Scripture tells us to envision that everyone shall sit under their own vine and fig tree and no one shall make them afraid. If we’re to live up to her own time, then victory won’t lie in the blade, but in all the bridges we’ve made. That is the promise to glade, the hill we climb if only we dare. It’s because being American is more than a pride we inherit. It’s the past we step into and how we repair it. We’ve seen a forest that would shatter our nation rather than share it. Would destroy our country if it meant delaying democracy. This effort very nearly succeeded.

But while democracy can be periodically delayed, it can never be permanently defeated. In this truth, in this faith we trust for while we have our eyes on the future, history has its eyes on us. This is the era of just redemption. We feared it at its inception. We did not feel prepared to be the heirs of such a terrifying hour, but within it, we found the power to author a new chapter, to offer hope and laughter to ourselves so while once we asked, how could we possibly prevail over catastrophe? Now we assert, how could catastrophe possibly prevail over us?

We will not march back to what was, but move to what shall be a country that is bruised, but whole, benevolent, but bold, fierce, and free. We will not be turned around or interrupted by intimidation because we know our inaction and inertia will be the inheritance of the next generation. Our blunders become their burdens. But one thing is certain, if we merge mercy with might and might with right, then love becomes our legacy and change our children’s birthright.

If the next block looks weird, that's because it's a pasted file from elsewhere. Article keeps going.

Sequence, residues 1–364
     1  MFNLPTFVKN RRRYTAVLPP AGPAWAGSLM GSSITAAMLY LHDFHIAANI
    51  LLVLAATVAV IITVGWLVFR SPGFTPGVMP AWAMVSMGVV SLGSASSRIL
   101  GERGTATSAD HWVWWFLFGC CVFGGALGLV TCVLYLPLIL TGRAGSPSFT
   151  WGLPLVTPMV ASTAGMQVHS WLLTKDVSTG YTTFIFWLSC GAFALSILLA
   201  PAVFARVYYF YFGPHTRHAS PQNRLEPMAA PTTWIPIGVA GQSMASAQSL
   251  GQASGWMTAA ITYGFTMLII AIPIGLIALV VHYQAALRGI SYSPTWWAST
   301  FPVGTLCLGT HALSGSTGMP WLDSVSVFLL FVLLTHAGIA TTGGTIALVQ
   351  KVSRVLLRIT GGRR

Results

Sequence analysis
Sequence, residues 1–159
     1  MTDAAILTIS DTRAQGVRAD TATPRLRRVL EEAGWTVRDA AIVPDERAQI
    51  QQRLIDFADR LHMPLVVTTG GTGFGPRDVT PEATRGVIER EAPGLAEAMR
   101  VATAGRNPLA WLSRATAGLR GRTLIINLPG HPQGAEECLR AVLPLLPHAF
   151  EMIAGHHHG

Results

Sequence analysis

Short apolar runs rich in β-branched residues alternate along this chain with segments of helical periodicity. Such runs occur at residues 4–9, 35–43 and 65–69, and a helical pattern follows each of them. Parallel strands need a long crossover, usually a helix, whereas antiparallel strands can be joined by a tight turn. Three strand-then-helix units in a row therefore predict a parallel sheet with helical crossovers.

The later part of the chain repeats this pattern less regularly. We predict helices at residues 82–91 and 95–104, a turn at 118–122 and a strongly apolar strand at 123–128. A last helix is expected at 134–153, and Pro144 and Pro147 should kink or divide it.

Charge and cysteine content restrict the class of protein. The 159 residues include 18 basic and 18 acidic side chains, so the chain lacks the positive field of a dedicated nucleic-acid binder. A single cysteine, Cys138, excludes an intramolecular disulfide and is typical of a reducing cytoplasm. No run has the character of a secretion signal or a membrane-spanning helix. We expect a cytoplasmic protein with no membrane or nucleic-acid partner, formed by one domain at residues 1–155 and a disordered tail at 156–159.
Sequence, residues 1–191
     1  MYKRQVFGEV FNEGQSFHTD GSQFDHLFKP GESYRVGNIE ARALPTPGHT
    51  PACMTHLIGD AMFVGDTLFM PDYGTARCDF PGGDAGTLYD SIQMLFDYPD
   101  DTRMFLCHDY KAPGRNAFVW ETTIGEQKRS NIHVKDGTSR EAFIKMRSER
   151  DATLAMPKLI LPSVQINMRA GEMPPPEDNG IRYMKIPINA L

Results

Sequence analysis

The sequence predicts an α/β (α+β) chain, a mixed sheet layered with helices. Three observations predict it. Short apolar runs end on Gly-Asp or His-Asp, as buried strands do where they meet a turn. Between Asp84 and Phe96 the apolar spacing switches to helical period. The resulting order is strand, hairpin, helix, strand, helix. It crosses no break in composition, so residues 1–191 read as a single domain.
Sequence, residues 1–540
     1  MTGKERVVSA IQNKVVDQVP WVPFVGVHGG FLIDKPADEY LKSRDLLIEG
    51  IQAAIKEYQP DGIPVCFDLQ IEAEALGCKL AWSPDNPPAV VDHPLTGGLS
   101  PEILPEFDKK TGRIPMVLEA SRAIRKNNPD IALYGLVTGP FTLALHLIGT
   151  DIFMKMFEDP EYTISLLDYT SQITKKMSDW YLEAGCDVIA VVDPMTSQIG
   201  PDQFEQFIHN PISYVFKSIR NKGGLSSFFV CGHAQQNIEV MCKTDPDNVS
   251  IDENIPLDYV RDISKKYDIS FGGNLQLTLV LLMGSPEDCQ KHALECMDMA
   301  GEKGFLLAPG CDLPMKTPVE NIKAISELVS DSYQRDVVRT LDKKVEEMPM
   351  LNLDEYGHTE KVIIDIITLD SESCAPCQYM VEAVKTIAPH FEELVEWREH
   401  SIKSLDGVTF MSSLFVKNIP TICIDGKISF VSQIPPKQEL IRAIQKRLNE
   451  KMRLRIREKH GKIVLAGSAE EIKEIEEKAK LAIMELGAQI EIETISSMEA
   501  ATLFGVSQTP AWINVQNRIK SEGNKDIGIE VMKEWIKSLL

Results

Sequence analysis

So let us leave behind a country better than one we were left with. Every breath from my bronze-pounded chest we will raise this wounded world into a wondrous one. We will rise from the gold-limbed hills of the west. We will rise from the wind-swept north-east where our forefathers first realized revolution. We will rise from the Lake Rim cities of the midwestern states. We will rise from the sun-baked south. We will rebuild, reconcile and recover in every known nook of our nation, in every corner called our country our people diverse and beautiful will emerge battered and beautiful.

When day comes, we step out of the shade aflame and unafraid. The new dawn blooms as we free it. For there is always light. If only we’re brave enough to see it. If only we’re brave enough to be it.